While I freely acknowledge I'm no author myself and have tremendous respect for those who do actually write a book, this is a commercial venture so I do want to review it as honestly as possible. I did manage to get through it, but I was left feeling very dissatisfied and as though no connection was made with the author as a person. I wanted to know the answers to questions -how did they feel? What were the doubts? How did they get on with each other? How was their interaction with the people around them? All these questions were never raised, never mind being answered. What did come from the book was a never ending series of generic descriptions of "We got up. We cycled through [insert country or region]. We ate [insert food]. We made camp at [insert camping area]."

I'm extremely surprised and puzzled by how many glowing reviews this book received as I gave this book to my neighbor and a friend -both of whom enjoy travel books immensely and without letting them know what I thought about it - and they echoed almost identical criticisms. If you can peek inside the book to see how it's written, do so. It may save you some money.
2 of 0 people found the following review helpful
4.0 out of 5 stars A Great Read! 23 Mar 2007
By James Conboy - Published on
As a 59 year old cyclist whose bike tours are limited to the States I found this book to be very good. It took me places I will never go myself with a narrative style that made me feel as though I was with Tim and Cindie Travis. I greatly admire these two, the places they pass through in Mexico, and Central America often put them at risk but the rewards those places provided in terms of the scenery and people they met makes it all worthwhile for them and for their readers.
7 of 8 people found the following review helpful
2.0 out of 5 stars Great bicycle touring books 28 Oct 2007
By Steve R Marks - Published on
I have to agree with other writers who have complained about the quality of the writing. I enjoyed reading it because the subject interests me. If you want to read some excellent books about bicycle touring in other countries try the following: "Spokesongs" by Willie Weir, "The Masked Rider" by Neil Peart, "Metal Cowboy" by Joe Kurmaskie, Odysseus' Last Stand" by Dave Sumboulis, or the classic "Miles from Nowhere" by Barbara Savage. Having commented on the less than stellar writing of this book however I would recommend going to their website where there is a wealth of information about the equipment they have used.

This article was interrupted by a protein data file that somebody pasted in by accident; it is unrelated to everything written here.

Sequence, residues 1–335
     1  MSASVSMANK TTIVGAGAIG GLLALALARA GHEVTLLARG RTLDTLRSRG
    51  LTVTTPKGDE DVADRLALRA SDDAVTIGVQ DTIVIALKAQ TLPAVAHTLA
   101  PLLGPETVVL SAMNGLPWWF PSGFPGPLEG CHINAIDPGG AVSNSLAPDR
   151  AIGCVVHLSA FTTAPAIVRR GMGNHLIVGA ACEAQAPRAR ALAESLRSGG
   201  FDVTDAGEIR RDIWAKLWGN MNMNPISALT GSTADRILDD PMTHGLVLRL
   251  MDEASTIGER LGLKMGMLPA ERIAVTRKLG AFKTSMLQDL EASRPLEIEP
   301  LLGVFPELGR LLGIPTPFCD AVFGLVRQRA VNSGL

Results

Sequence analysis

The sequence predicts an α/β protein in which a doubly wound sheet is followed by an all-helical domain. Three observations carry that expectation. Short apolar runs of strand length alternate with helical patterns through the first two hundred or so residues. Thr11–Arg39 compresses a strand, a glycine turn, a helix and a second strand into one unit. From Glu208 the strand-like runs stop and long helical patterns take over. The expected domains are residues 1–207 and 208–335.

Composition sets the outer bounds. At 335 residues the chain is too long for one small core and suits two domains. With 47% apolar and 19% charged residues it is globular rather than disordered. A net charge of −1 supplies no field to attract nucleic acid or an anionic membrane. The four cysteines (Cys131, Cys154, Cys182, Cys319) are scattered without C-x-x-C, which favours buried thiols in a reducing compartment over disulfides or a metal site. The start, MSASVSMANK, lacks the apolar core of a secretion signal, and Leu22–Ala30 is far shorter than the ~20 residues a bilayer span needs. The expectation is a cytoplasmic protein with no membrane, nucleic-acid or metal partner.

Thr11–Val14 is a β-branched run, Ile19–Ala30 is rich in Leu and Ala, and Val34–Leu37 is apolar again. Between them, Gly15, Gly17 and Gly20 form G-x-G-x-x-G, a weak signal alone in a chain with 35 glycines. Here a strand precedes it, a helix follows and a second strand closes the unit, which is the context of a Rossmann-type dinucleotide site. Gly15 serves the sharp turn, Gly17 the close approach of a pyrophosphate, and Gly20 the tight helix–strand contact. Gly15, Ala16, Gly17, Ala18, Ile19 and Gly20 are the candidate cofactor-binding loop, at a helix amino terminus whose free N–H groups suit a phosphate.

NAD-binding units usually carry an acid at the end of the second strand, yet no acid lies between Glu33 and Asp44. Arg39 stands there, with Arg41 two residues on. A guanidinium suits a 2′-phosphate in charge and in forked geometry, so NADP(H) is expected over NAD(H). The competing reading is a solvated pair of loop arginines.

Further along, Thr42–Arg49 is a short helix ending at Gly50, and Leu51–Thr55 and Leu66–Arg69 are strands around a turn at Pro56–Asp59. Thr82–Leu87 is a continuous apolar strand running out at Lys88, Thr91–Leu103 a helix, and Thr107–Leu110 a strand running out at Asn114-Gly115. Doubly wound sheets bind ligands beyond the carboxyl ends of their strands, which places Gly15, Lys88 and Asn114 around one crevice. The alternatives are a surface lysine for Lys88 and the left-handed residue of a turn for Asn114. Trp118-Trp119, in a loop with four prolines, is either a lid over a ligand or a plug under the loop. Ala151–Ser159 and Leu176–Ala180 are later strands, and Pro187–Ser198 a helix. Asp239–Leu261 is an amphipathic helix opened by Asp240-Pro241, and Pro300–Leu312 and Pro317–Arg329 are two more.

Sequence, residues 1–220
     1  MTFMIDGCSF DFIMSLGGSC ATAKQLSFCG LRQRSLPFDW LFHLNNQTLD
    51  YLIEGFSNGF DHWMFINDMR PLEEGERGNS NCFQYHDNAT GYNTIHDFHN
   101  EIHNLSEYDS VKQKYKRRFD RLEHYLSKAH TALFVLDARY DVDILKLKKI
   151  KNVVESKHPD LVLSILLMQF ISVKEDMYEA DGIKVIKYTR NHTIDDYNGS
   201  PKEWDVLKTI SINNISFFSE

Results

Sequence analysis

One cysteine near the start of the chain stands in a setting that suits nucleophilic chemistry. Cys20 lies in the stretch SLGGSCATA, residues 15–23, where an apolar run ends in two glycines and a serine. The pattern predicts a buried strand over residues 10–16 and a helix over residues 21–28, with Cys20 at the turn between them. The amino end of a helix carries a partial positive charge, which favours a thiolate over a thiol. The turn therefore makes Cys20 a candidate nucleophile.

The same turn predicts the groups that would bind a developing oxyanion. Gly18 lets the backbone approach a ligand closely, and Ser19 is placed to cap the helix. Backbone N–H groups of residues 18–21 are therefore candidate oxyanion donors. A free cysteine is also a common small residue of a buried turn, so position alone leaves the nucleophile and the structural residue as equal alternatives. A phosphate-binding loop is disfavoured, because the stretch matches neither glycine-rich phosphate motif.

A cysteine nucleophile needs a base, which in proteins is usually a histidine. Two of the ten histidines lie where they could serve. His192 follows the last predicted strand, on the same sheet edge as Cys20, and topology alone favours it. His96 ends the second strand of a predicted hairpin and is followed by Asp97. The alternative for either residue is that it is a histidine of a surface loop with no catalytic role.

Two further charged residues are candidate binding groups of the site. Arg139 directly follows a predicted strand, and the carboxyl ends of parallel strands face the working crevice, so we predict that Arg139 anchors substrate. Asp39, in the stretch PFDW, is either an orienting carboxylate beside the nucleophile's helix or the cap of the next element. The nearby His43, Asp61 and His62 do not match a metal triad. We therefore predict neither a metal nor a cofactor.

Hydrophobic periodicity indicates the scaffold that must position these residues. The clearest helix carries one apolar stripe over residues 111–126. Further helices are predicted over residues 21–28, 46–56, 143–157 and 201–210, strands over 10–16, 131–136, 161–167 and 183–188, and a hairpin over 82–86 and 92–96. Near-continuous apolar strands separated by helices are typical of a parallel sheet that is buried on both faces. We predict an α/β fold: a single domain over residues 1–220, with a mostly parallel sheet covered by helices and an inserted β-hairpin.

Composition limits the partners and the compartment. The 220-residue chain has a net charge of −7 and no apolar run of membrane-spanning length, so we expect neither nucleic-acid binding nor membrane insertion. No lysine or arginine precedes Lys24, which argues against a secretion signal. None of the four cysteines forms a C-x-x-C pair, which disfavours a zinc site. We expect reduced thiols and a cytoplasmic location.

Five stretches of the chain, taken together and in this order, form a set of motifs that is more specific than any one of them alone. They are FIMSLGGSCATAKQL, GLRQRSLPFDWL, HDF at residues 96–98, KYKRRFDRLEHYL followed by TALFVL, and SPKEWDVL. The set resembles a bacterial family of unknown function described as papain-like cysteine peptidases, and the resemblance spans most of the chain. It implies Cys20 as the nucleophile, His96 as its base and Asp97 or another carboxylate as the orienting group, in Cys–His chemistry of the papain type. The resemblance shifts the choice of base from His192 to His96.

10 of 13 people found the following review helpful
5.0 out of 5 stars A great read worth experiencing 29 May 2005
By Charles DiBella - Published on
Tim Travis's book is an exceptional read. You'll be able to travel along with Tim and his wife Cindy down fabulous roads seldom explored and learn the ins and outs of how to get around in a world sometimes friendly, sometimes hostile. You receive tips not found in bestseller tour guides, and you'll find out where to go and where not. You'll learn to save money on everything from hotel rooms to local food on the steet, and you'll get the feel of what it's like to travel in the rough, on a narrow budget, along with high tech tools, combining the internet, laptop, and digital photography. Tim and Cindy have a detailed website you won't want to miss, chock full of even more tips, tricks, links, and photographs. They continue to make regular entries to journals, keeping you posted on where they are, and answering questions from a huge international audience. This is an 8 year trip around the world, and this book is the first of a long and exciting series. If you're planning to tour professionally anywhere, alone or with a friend, need the motivation to start, or just want to dream about high adventure, this is the book for you. You'll not only have the time of your life, but you'll make yourself two great new friends with Tim and Cindie. Packed with photographs, this book is a best buy!
7 of 9 people found the following review helpful
5.0 out of 5 stars A travelogue of two people who dared to live their dream 8 Jan 2005
By Midwest Book Review - Published on
The Road That Has No End is an amazing travelogue of two people who dared to live their dream, setting aside their ordinary lives to embark on a worldwide cycling adventure. Learning to live frugally on the road while maintaining an internet journal, they observed a religious pilgrimmage in Mexico, ancient Aztec and Mayan ruins, the cloud forests of Costa Rica, survived the attack of a pesticide-spraying airplane in Guatemala and much more. Over 150 black-and-white photographs illustrate this enchanting journey past cultural differences, environmental hardship. Both travelers had to learn how to bribe border guards and avoid thieves, yet the majority of their experience with various cultures exposed misconceptions concerning daily life and motivations south of America's borders. A journey that was neither as dangerous as some fearmongers would claim nor as safe as the overly idealistic would lead one to believe, The Road That Has No End is a unique personal testimony especially recommended for armchair travelers or anyone considering an extended international bicycle tour of their own.